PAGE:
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Fiscal bill amended to increase Medicaid transparency. But delay to proposed cuts denied

By Abigail Ruhman, IPB News | Published on in Government, Health, Politics
Rep. Greg Porter’s (D-Indianapolis) amendment to SB 256 would have delayed the proposed shift away from attendant care until July 1, 2025. The committee voted against the amendment. (Abigail Ruhman/IPB News)

Policymakers and families of medically complex children have been asking for a pause on the attendant care program cut since it was announced in January, following the $1 billion Medicaid shortfall. A House committee voted Tuesday against an amendment that would have postponed the controversial cut.

Rep. Greg Porter’s (D-Indianapolis) amendment to SB 256 would have delayed the proposed shift away from attendant care until July 1, 2025. But the program hasn’t been in compliance with federal Medicaid guidelines since 2017. And Rep. Jeffery Thompson (R-Lizton), the chair of the House Ways and Means Committee, said delaying the cuts could cost the state more in the long run.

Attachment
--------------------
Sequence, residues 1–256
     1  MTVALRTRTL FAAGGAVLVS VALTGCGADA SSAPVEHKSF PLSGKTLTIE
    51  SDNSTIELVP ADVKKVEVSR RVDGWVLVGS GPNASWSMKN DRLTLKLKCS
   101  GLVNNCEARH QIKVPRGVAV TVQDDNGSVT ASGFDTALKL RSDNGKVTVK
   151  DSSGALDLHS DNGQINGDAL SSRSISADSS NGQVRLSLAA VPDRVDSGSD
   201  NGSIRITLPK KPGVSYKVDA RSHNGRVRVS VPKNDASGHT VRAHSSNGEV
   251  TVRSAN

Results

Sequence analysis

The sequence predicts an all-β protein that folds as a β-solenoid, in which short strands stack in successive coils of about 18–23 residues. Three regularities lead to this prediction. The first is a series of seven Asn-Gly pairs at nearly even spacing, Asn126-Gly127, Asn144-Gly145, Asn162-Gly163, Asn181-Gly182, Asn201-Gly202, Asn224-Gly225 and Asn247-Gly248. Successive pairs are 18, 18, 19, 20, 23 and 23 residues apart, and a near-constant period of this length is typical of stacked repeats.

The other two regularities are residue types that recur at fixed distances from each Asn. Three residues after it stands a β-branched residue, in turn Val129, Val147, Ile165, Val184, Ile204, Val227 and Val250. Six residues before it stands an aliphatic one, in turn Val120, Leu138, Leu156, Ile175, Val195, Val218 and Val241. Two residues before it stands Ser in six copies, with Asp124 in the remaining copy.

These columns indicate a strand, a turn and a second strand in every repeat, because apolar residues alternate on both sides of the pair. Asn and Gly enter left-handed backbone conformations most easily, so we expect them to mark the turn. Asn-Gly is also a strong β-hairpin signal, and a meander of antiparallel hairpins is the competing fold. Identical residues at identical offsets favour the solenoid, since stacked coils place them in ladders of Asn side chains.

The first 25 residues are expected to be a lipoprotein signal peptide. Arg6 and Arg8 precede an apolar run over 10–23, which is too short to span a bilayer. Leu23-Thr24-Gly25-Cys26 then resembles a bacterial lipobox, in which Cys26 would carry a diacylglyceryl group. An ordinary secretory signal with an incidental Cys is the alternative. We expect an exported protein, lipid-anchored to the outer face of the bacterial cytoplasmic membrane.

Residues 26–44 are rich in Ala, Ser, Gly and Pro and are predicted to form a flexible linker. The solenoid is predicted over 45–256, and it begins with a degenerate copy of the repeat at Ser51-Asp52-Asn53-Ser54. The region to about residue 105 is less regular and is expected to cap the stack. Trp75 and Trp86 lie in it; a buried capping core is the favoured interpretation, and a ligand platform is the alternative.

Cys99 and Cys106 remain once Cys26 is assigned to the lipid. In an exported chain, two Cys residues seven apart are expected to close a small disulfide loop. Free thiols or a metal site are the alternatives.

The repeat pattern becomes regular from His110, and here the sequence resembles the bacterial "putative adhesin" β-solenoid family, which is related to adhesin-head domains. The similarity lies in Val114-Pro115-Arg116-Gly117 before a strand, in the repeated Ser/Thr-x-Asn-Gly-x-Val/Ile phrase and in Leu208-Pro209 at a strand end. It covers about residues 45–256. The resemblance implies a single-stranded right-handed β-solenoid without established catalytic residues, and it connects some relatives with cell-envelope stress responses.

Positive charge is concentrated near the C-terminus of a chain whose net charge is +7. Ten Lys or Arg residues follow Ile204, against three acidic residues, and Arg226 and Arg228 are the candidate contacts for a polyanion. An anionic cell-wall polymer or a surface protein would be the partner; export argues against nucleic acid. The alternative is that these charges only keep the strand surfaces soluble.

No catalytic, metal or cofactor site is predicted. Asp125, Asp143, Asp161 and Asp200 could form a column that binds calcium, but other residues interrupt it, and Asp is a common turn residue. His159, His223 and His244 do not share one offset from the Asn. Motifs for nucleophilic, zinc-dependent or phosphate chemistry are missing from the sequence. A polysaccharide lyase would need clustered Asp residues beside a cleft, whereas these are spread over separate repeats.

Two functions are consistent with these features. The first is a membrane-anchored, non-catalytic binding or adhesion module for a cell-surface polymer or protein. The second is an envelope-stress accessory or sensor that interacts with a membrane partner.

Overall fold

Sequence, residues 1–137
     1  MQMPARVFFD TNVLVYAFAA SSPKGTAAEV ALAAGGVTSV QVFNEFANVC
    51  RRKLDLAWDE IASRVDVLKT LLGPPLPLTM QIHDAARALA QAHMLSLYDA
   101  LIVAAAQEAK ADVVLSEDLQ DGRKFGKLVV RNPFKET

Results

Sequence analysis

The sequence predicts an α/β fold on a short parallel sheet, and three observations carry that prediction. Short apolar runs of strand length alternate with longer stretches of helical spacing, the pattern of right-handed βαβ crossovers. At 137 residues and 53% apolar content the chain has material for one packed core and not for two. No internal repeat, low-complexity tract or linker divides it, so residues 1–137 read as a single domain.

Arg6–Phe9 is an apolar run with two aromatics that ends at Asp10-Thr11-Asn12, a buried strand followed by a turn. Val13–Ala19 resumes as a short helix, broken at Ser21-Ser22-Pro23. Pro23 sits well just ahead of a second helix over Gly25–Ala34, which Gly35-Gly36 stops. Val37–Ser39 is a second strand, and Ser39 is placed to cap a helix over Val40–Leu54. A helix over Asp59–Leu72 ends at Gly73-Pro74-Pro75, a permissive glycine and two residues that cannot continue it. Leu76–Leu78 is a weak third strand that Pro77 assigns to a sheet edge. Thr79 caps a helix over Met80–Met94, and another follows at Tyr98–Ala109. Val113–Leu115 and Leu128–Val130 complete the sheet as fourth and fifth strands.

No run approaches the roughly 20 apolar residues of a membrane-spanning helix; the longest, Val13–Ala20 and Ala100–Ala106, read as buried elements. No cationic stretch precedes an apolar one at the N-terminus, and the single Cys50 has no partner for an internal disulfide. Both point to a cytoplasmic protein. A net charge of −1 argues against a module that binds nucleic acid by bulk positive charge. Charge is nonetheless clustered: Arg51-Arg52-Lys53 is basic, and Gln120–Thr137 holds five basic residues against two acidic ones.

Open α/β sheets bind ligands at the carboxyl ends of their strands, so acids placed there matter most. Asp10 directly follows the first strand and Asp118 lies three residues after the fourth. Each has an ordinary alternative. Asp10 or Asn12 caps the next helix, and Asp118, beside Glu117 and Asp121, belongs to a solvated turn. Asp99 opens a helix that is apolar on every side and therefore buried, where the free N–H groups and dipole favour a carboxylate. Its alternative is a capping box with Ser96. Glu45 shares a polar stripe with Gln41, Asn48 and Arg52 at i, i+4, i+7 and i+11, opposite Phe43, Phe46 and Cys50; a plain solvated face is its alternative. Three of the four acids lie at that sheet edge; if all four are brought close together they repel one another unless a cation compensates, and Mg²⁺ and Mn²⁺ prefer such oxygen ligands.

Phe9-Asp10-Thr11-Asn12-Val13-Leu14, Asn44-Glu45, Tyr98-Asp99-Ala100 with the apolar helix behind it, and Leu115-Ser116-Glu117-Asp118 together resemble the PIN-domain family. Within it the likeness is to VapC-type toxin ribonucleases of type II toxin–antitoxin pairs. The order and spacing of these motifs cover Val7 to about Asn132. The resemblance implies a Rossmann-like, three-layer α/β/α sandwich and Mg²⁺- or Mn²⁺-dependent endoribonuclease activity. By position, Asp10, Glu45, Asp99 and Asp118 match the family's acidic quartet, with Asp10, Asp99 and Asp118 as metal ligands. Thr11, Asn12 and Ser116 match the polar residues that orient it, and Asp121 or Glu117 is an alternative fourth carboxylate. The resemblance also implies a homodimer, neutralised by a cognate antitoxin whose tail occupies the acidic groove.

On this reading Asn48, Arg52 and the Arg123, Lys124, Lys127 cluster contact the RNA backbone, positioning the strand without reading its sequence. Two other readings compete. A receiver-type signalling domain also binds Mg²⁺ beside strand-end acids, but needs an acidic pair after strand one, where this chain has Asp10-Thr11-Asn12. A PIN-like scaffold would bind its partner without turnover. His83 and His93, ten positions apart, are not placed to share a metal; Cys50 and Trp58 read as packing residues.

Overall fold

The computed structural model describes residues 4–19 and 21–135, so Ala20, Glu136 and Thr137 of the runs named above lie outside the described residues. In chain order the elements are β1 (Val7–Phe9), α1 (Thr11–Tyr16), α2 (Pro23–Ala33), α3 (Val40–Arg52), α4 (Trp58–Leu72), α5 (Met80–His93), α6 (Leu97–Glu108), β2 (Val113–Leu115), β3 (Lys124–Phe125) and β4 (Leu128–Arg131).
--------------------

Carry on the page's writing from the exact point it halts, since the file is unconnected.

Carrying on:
Some lawmakers raised concerns about how families would be affected by the cut to the program. Rep. Ed DeLaney (D-Indianapolis) said he’s “bothered” by the uncertainty of what’s going to happen to families during the transition away from attendant care.

“I don’t know how we’re going to get out of this situation, frankly,” DeLaney said. “I think this proposal has its limitations, but it takes care of that problem.”

Republicans on the committee voted against the amendment, with several lawmakers citing the concern about being out of compliance.

The committee did approve an amendment to SB 256 that would increase reporting requirements for FSSA.

The amendment requires the agency to present two reports to the State Budget Committee every year. The reports would detail how it plans to monitor Medicaid expenses and how it will share data with legislators. The amendment would also have FSSA study the feasibility of a dashboard that includes monthly reports on Medicaid expenditures and enrollment.

READ MORE: FSSA: More than 1,600 children with disabilities affected by proposed attendant care cut

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Budget Subcommittee Chair Jack Jordan (R-Bremen) said he likes adding more transparency to the reports, but sees a broader Medicaid issue.

“We have a policy issue that I’m assuming we’ll deal with and wrestle with, maybe not this session, but next session,” Jordan said.

DeLaney said the added transparency would provide context around future Medicaid issues, but wouldn’t address questions about the recent shortfall. Republican lawmakers said they believe the amendment does.

The committee approved several other amendments to the bill and it now heads to the full House for consideration.

Abigail is our health reporter. Contact them at aruhman@wboi.org.